Wes Matthews Puts The Final Nail In Miami’s Coffin; Paul George And Indiana Shut Down New York

Portland fell into a lull for a quarter and a half — usually a death knell against a team like Miami — but still knocked off the Heat, 92-90, because they awoke twice at key moments to get back into position to stuff the champs at home. The first came to end the third quarter to slice into Miami’s 12-point lead, and then another finished the fourth. Nic Batum (28 points, seven boards, five assists) was huge both times (because of his rare length) in breaking up fast breaks or hitting shots like a three and getting a steal plus an and-one bucket with four minutes left in the fourth to tie it. The clinching moments came from the player who was arguably doing the most work all night. Wes Matthews (18 points) hit two threes in 30 seconds, both off beautiful plays drawn up by Terry Stotts, to go from three down to one up in the final two minutes. The first came when Damian Lillard (only 10 points, big threes though) hit a diving Batum who passed up a five-footer with one man between him and the hoop to take a skip pass to Matthews in the corner for a cold-blood triple. The second was just a heat-check when he stepped back against Ray Allen in the corner. What wasn’t arguable was that Matthews had the hardest assignment of the night, guarding LeBron James, and yet he still had enough energy to put up the two biggest shots of the game. And yeah, LeBron had his 15 points, 10 boards and nine assists but his streak of 54 games with at least 20 points came to an end, thanks to Matthews and Sasha Pavlovic‘s D. Portland’s bench is still an anchor to its surprising run (7-3 in its last 10) even though it only had eight points Thursday. The starters are balling though, ranking in the top 10 among starting fives in the last 10 games in points, rebounds and assists. … Ronnie Price had a brilliant two-play stretch to end the third and start the fourth quarter. At the end of Portland’s run to get back into the game his double-team split and double-clutch reverse around LeBron took a ton of strength to sink. Allen backed Price into a corner a few minutes later until Price hit him with a jab step-reverse crossover to get to the rim for foul shots. … You could feel the energy being sucked out of Sleep Train Arena when Sacramento was losing its 14-point lead over Dallas. The Kings came out inspired against a team with just as many roster problems as themselves but then it disappeared just as fast as news of the Kings’ possible move broke. If the Kings need a miracle to stay in town, they definitely needed a miracle to tie the game up to end regulation — and then Isaiah Thomas delivered a bank three with just seconds remaining. The shot not only got Sacramento into overtime, it was like a cathartic release for the fans, who went nuts like this was 2002. In the end, Dallas won 117-112 in OT. … What is going on with DeMarcus Cousins (29 points, nine boards)? His forearm mashing of Vince Carter‘s face got him booted in overtime and was, like most his moves, totally unnecessary. … Hit the jump to hear about how Indiana’s D suffocated New York …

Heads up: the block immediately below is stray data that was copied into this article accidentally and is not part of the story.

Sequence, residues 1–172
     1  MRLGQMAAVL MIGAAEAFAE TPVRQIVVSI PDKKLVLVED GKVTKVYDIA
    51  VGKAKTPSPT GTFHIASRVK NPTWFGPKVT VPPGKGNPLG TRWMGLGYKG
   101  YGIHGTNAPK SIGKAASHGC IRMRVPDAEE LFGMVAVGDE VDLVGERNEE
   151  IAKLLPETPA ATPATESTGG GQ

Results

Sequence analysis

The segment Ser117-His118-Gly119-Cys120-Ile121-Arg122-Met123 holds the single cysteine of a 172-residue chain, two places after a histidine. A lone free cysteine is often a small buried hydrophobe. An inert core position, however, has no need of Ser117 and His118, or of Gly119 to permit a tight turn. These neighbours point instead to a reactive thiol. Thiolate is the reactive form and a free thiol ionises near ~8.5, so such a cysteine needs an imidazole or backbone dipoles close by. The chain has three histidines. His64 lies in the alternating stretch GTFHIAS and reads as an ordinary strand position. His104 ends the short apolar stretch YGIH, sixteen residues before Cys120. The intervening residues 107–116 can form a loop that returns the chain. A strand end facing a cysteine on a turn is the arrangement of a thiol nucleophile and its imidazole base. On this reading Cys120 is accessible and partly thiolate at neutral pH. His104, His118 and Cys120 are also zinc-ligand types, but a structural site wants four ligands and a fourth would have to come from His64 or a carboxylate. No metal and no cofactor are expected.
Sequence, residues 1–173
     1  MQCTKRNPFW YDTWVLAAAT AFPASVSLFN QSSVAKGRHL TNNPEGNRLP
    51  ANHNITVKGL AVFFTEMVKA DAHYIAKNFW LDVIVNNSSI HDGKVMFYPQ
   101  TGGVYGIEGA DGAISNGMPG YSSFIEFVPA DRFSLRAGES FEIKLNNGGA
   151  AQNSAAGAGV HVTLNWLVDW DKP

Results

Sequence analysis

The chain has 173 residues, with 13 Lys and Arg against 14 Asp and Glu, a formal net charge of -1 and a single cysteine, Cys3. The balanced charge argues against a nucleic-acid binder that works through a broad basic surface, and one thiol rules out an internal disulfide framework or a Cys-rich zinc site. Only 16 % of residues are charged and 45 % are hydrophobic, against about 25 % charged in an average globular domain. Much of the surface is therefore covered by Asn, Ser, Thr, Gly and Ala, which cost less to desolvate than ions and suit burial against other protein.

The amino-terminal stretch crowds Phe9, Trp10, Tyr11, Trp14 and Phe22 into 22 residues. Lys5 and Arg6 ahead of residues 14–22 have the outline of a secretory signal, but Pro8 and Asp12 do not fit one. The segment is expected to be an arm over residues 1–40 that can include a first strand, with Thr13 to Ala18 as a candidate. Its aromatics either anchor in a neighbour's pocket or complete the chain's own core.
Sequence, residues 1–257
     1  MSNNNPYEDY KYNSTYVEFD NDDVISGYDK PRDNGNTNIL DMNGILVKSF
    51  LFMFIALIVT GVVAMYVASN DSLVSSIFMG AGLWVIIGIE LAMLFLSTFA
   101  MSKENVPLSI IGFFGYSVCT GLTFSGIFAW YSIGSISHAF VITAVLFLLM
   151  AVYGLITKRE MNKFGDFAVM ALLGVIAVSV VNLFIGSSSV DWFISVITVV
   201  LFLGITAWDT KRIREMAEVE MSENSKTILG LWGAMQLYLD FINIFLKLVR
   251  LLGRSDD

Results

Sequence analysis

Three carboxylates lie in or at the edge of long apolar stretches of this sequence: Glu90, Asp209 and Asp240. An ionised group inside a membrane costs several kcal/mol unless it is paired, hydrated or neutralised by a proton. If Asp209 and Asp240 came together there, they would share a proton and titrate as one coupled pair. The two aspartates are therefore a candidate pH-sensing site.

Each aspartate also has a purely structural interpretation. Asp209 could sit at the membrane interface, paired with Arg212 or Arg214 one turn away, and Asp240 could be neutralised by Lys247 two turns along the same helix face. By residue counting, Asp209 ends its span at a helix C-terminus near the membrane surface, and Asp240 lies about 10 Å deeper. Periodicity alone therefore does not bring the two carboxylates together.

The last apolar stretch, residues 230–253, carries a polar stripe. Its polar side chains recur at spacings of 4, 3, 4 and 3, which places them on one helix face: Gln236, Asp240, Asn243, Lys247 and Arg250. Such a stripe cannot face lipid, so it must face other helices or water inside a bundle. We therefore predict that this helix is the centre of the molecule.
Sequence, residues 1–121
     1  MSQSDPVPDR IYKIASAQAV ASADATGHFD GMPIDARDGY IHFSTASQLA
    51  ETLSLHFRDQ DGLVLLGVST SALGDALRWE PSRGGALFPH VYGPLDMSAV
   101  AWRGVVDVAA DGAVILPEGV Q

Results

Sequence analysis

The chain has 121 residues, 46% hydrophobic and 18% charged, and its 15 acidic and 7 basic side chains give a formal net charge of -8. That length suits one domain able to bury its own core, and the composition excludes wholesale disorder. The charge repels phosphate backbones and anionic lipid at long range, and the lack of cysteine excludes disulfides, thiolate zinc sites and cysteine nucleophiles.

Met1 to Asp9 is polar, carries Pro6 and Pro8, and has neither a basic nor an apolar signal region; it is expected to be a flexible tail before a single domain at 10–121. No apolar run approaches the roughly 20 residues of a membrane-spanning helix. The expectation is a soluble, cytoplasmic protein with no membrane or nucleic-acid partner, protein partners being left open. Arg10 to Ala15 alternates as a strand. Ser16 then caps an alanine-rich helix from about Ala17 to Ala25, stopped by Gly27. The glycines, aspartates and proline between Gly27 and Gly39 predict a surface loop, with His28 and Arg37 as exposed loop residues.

Indiana can be a hard team to watch because as the most efficient defense in the NBA, it makes its opponents’ offense usually turn into a disjointed mess. Odd matchups lead to ugly shots. Then, when Indiana gets on offense, its third-worst offense can’t do much better. The first quarter of the season led to sporadic results, but the past 10 days have seen these Pacers possibly turn a corner with wins over Memphis, Miami and New York. Blossoming star Paul George was again valuable with his career-high six steals, 11 boards and 24 points, and Indiana’s D kept NY to a putrid 34 points at half. Down the stretch Ian Mahinmi (13 points on 6-of-7 shooting) took advantage of the soft belly of New York’s interior defense (missing Carmelo Anthony to a one-game suspension) with clutch buckets. Indiana won 81-76 in a grindfest. It wasn’t even the case that Indiana stole a win while NY missed its star, because Indiana wasn’t at full strength when Roy Hibbert had to ride a bike a couple times to get loose, including in the fourth quarter when Mahinmi more than made up for the max contract player’s absence. … It should be noted that the Pacers’ defense is good but it also helps when your opponent it shooting his way out of the game in the final quarter. J.R. Smith was the only Knicks player able to get his own shot and he played like he knew it, jacking 29 shots (making 10) en route to his 25 points off the bench. He missed his first six shots of the fourth quarter (most coming early in the shot clock), which gave Indiana more time to make a 13-0 run and come back from four points down entering the fourth. He did, however, pull off one of the sickest wrong-footed dunks we’ve ever seen. He split a George-Psycho T Hansbrough double at the wing with a minute left in the first quarter, took off on his right foot outside the key before splattering Mahinmi like a Tarantino movie. … The NBA might not be rid of the Maloofs quite yet. The Seattle Times reported even if the family sells to Seattle’s group of owners they would still hold a small stake — and they want a say in team operations because of it. The Maloofs have generally seemed aloof about how they’ve run this franchise ever since the team nosedived post-C-Webb. … We’re out like Boogie Cousins.

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